Like it or not, some people thrive on competition or are stimulated by other bright people. A place like Millburn attracts the best teachers which turns some students on. They literally offer every single possible AP course there is.....and have relationships for things like internships etc that blow my mind. (The kid down the street is doing some high level government work as an elective--I did not understand half of what he is working on!) Finally-- place like Millburn has relationships with top colleges. There are personal relationships with admission due to year of placing kids in ivies--there is the value of the "Millburn" brand. So on.... Fair or not; it delivers and that is the reason why people hock livers and kidneys to live here. I am not saying it's worth a kidney or a liver, by the way--I am just explaining the rationale!

I really want you to understand that I do not subscribe to the idea that "Millburn is better than yours, nyah nyah nyah..." :-) I struggle with whether it's the right place for one of my children--- whereas I know it is going to serve my other child well..... All kids are different as are family situations, intellect etc. But if you read my other posts, you will see that I share your concern about the "cost" of a competitive environment like MHS.... the competition is more intense than what I am comfortable with.

My point in posting is not to get into a peeing match (!) about whose school is better or whose father can beat up the other. I am just trying to illustrate what I (a relative newcomer to the township) have observed first hand about the considerable PLUSES and MINUSES of that particular high school. The rest--well we all have to decide for ourselves and I will say it a third time:

An elite education can serve as an on-ramp to an economically successful life--but it does not guarantee it nor is it the only way in!!!

In the end, it pains me that all high schools are not created equally---not in our state and not across the nation. It is a shame because the purpose behind public education was to provide an economic equalizer and that is no longer the case. It makes people's skin prickle because it seems unfair that living inside one boundary can give you access to one track and living on the other side a second. Rightfully so!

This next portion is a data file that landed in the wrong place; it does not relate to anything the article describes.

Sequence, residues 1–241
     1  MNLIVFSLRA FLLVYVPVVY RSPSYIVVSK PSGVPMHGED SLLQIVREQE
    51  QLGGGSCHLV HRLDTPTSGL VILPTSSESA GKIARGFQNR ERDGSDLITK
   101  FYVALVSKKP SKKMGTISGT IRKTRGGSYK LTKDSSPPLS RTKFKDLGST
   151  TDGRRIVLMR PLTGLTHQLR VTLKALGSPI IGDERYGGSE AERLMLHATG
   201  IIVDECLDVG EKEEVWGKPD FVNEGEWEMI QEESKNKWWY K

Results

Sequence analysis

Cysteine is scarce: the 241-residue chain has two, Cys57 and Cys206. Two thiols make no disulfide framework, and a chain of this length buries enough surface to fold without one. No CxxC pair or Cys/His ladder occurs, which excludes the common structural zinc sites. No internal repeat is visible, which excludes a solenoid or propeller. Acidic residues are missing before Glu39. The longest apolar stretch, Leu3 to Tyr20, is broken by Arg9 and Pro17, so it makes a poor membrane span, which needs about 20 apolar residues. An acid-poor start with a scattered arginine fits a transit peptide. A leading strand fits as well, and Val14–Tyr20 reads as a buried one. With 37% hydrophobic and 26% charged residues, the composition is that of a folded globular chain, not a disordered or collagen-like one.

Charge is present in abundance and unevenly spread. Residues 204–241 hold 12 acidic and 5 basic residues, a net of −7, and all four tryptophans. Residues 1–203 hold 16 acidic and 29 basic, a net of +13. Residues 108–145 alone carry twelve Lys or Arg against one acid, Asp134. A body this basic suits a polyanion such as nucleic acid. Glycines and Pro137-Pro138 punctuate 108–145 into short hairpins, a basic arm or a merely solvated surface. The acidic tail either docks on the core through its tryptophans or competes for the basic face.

Ok---now off the soap box!

:-)
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Old 09-02-2010, 09:00 PM
 
7 posts, read 2,392 times
Reputation: 13
I had the opportunity to attend both top rated Chatham & Millburn school systems back in the 90's. My first job out of Cornell was a Student Advisor for a expensive private high school in Union County.

All these years, let me share my two cents on some of my observations .

1) In my humble opinion, a strong majority of parents in Chatham & Millburn ( particularly the thousands of families who have moved into these towns in the last 25-30 years despite the expensive prices compared to other towns) do have a " TOP EDUCATION" for their kids as their NUMBER 1 priority over everything else.

what exactly do I mean? Thousands of these parents/homeowners decided to SACRIFICE " Smaller, Older, less impressive homes" that their money could buy by going for Chatham or Millburn
when they could have VERY EASILY bought in tons of NJ suburban towns nearby towns in Morris, Essex, Bergen, Passaic, and Union counties . Most did it for one reason. SCHOOL SYSTEM
Their purchase price in Millburn or Chatham for a 50 yr old cape code or 60 yr old ranch would have bought them a BRAND NEW or ALMOST brand new 1,2,5 year old Two car garage in other 'respectable, nice towns.

This was the " Common Regular Conversation " among parents in many gatherings whenever the topic of school system came up. This was the " Common Bond" that many many parents in these towns like to talk about.